Anxiety, Inflammatory Markers, and Antipsychotics

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Anxiety, Inflammatory Markers, and Antipsychotics

This month’s Focus on Childhood and Adolescent Mental Health section provides clinically important information about the longitudinal course of anxiety disorders, the link between bipolar disorder and cardiovascular risk, and antipsychotic prescribing trends for mood disorders in youth.

There is minimal information about the long-term consequences of a single trauma in young children. Meiser-Stedman and colleagues evaluated 71 families 3 years following a motor vehicle collision. The children ranged in age from 2 to 10 years (mean = 6.5 years) at the time of the motor vehicle collision. Child posttraumatic stress disorder (PTSD) was assessed with structured interviews using DSM-IV PTSD criteria and PTSD-AA (an alternative algorithm for PTSD in young children). Parental posttraumatic symptoms were assessed shortly after the motor vehicle collision.

The prevalence of PTSD (based on report by parent or child for older children or just parent for younger children) ranged from 7.0% using DSM-IV PTSD criteria to 16.9% using PTSD-AA criteria at 3-year follow-up. However, with the use of parent report only, the rates of PTSD were significantly lower, ranging from 1.4% to 2.8% respectively. The risk of developing PTSD did not vary depending upon whether the child was preschool or elementary school age at the time of the motor vehicle accident. Parental acute posttraumatic stress symptoms after the motor vehicle accident predicted children’s posttraumatic stress symptoms 3 years following the motor vehicle accident. On the basis of these findings, the investigators recommend that support be provided for parents immediately after the trauma to deal with their own as well as the child’s posttraumatic stress symptoms. Additionally, parents may not be aware of persistent PTSD in their children, and they should be educated about the potential for these symptoms to persist.

Specific phobias are common in youth, and there are few data about the course and clinical implications of specific phobias. Albor and colleagues examined the persistence of specific phobia from adolescence to adulthood in a Mexican cohort consisting of 1,071 adolescents who participated in the Mexican Adolescent Mental Health Survey and in the follow-up survey 8 years later. Two hundred twenty-seven of the adolescents fulfilled DSM-IV criteria for a specific phobia in the 12 months prior to the first assessment.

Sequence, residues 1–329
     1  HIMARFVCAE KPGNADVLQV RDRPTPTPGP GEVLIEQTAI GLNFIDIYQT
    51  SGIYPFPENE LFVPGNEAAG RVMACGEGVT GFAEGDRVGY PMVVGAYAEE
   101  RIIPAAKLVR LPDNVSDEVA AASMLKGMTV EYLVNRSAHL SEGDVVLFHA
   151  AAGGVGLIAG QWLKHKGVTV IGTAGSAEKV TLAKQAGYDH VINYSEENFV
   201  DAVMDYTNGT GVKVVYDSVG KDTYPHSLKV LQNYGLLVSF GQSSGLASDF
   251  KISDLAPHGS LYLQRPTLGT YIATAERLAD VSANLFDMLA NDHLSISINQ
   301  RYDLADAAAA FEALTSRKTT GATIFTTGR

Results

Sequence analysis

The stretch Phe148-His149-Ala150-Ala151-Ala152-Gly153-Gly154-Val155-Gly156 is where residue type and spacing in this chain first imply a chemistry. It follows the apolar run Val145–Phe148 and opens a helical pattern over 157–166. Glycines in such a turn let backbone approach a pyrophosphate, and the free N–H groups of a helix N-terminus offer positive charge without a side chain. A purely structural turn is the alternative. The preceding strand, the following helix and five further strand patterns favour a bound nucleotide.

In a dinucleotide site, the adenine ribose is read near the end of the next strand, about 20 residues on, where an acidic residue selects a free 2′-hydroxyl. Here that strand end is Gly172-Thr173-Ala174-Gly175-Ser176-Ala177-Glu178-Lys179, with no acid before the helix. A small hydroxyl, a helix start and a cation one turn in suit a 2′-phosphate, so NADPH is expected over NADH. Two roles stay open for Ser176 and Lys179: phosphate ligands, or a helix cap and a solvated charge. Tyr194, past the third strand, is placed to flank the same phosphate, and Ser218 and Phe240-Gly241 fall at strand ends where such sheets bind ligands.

For those adolescents with a specific phobia at baseline, 17.5% continued to have a specific phobia in early adulthood. There were no gender differences for the persistence of specific phobias. Factors associated with an increased risk of persistence of specific phobia were age at onset in adolescence (rather than childhood), a family member with a specific phobia, parental neglect, baseline comorbid disorders, and economic adversity. Those adolescents with a specific phobia and no comorbid disorders had an increased risk of developing another anxiety disorder and substance use disorder in early adulthood. Fortunately, the majority of adolescents with specific phobia achieved remission by early adulthood. However, the investigators suggest that intervention may be needed for those adolescents with risk factors for persistence of specific phobia. This is particularly important, since onset of a specific phobia in adolescence may increase the risk for developing other anxiety disorders and substance use disorder in adulthood.